Standard Sounds

Annie O Presents: Rising Brooklyn Local Sam Evian

We have a secret weapon at The Standard in the form of a French-Moroccan music maven named Annie O. After years in the music industry representing greats like Lou Reed, Philip Glass, Laurie Anderson, and Peter Gabriel, we nabbed her to curate The Annie O Music Series, a regular concert series in the airy Penthouse of The Standard, East Village.

On Monday, June 20, the laid back local Sam Evian takes on The Penthouse. You may have heard his work in the Brooklyn band Celestial Shore as Sam Owens, but he's going solo with a fancier name. Annie connected with Sam while he was somewhere upstate surrounded by goats and llamas, in the midst of making some new recordings in a barn. 
Annie O Presents: Sam Evian
Monday, June 20th, 7-9pm
The Standard, East Village Penthouse
Free with an RSVP to

How's upstate New York?

It’s amazing. You get on the train, all of the concrete is replaced with trees in an hour and a half, and you've only spent $20.

What’s the balance between being a solo artist and part of a band? Are there different inspirations for each? 
The band experience is really democratic. The healthiest way to be in a band is to release your expectations and be open to whatever results you’re going to get from a certain combination of people. That’s really the coolest thing—that you don't know what to expect. The problem is when people don’t open themselves to that.

Going solo was more a move of convenience. Everyone in New York is so very busy, and sometimes it’s more efficient to work alone and do stuff on your own time. There is also something to be said for seeing your own decisions through to the end. Sometimes when you're with a group, you don't get to do that.

Were your influences more musical or a state of mind?
I think it's a healthy mix of both. I'm just through a Tom Petty phase. Actually, I don’t think I ever left it. I'm also always really reflecting on George Harrison's music. Those are in my head instrumentally. All the songs popped out pretty easily. "Sleep Easy" is a response to my domestic life. It’s pretty emotionally honest music I think.

Do you write songs for other artists?
I have written with other people in the past and I’d love to start writing for other people more. It’s something that I’d love to get into this upcoming year. Recently, my network in New York has blossomed in a really wonderful way, so the next step for me is to have some other people in the studio. I'm mostly interested in producing and recording wood instruments for people (guitars, drum, and bass).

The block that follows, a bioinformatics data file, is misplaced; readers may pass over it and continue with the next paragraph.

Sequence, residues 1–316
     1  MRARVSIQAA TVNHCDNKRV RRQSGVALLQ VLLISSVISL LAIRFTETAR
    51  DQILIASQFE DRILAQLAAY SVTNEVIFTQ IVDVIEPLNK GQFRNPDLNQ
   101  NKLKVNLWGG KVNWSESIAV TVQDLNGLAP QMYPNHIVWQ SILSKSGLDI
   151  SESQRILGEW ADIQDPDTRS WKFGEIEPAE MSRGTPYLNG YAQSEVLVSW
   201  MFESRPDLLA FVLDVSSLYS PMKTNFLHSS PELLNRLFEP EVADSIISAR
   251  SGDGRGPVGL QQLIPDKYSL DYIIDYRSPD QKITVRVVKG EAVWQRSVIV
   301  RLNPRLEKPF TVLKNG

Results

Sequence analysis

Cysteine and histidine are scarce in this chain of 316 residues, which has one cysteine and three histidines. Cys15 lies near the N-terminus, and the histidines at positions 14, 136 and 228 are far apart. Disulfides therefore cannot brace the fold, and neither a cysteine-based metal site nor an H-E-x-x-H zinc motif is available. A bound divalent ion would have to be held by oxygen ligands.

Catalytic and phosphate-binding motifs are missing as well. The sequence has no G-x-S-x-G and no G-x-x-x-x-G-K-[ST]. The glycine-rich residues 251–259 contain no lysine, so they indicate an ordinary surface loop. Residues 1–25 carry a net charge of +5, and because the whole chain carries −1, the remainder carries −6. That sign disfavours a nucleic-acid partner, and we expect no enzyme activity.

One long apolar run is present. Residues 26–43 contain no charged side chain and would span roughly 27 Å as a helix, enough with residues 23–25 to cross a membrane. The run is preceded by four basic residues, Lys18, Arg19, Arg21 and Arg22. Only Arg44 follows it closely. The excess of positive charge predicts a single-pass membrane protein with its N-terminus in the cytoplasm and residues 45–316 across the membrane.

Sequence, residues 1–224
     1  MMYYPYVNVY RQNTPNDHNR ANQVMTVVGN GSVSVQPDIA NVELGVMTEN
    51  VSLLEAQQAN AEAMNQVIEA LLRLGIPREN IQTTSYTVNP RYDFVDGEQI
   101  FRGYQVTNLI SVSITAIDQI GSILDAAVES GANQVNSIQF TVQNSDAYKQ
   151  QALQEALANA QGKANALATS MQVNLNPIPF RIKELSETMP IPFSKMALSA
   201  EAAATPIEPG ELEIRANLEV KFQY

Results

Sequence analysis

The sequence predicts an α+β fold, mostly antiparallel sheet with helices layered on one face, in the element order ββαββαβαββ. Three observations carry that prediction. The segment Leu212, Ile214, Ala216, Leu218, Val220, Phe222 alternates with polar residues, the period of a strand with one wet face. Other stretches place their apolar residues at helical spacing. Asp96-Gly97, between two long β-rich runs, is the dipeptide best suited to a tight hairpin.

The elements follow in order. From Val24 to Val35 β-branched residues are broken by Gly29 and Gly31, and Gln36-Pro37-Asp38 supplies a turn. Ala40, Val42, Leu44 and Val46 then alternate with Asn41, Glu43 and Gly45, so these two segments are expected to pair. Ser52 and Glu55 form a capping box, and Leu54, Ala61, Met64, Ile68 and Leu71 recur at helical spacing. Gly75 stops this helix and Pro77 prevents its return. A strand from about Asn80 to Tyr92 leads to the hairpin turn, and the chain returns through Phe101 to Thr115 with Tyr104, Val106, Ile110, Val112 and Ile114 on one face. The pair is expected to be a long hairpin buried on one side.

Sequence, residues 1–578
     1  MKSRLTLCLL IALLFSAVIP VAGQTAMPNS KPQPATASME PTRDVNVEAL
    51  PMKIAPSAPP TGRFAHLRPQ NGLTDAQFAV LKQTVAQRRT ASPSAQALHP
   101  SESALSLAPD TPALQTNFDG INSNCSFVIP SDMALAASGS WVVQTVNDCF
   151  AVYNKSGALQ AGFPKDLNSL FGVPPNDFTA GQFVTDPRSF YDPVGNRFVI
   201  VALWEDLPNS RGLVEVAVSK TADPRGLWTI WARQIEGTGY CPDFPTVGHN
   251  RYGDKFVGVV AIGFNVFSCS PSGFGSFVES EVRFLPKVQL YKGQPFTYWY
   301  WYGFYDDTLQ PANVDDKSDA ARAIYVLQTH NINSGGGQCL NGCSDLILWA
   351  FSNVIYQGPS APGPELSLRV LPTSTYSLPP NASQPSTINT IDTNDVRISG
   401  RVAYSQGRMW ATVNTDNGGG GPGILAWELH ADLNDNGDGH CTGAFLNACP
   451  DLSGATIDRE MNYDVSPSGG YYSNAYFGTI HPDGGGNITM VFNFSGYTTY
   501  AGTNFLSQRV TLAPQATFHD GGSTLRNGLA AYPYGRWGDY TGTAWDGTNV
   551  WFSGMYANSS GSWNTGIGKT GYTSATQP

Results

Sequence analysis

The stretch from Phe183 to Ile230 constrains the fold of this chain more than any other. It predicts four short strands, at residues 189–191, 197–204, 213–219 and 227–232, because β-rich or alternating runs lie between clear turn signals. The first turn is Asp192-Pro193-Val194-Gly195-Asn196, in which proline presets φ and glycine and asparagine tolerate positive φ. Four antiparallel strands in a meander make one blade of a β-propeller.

If Sam Evian had a superpower, what would it be?
Providing clean drinking water for everybody. It’s very important to stay hydrated.

"Sleep Easy" has a relaxed, comfortable feel. Is that like you? Was the recording process easy and relaxed?
The recording of this whole album was pretty easy-going and laid back. I’m not your traditional bedroom recordist—I work in a recording studio—so I brought people into the studio and let them do what they wanted to do. When you trust people, you can let whatever happens happen. I’d usually bring people in after work, we’d hang out, they’d go home, and then I’d stay and work on what we did. I think the stress of studio time is something that holds a lot of artists back, so I’m very fortunate to work in a recording studio where I don’t have to worry about that. I think I'm pretty relaxed. My favorite hobby is sleeping, and my favorite pastime is driving cars and listening to music. I’m pretty low key.

Who is the one artist that you would love to collaborate with?
Ringo Starr. He's still out there and I'm coming for him. I follow his Twitter and it’s so obvious that he's the one doing it. Sometimes it will be just be a hundred emojis in a brick. He's a genius. He really is. I have so much respect for him.

What can we expect from your upcoming show at The Standard, East Village?
You can expect a lot of smiles, some nice people, and easy listening.

Who will be playing with you? Have you played with them for a long time?
The guys who are on the record with me are Dan lead on pedal steel, Brian Betancourt on bass, Austin Vaughn on drums (we went to high school together), and my studio mate, Michael Coleman, but we call him “Rocketship.”

You’re also a producer and engineer. How does that inform your process? Is it more or less difficult to record yourself?
In terms of process, it has all kind of merged into one circular event: make the demo, take it to the studio, record, bring people in. I use the studio as an instrument like some of my favorite producers, Brian Eno and George Martin. I’m a subscriber to that school. It’s also very expensive to pay someone to record you, so it evolved out of necessity originally, but now I just really enjoy it. It’s now built into the writing process.

As for the difficulty of recording myself, I think it’s difficult to be honest with yourself—that ‘maybe this isn’t as bad as I think it is’ moment. It’s about finding that balance. When I was mixing the record, I spent a week mixing by myself in a room. It becomes a total vortex, and you get to a point where you don't know what this sounds like anymore. It can be difficult, but it’s a good time. I think it’s the responsibility of artists to learn as much as they can about their trade. It’s really empowering.

You have a very mysterious quality. What are you hiding?
I don’t think I’m hiding anything. I think I’m just having fun. I make pretty honest music, but I think the whole presentation part is a place to have fun, keep it light, and not be overly serious. It tickles me to poke fun at things and have a good time with what I’m doing. I'm also kind of challenging the capitalist perspective of what an artist should be—not that I don't fit into it all, but again, it's all fun. It's mostly just about the laugh.

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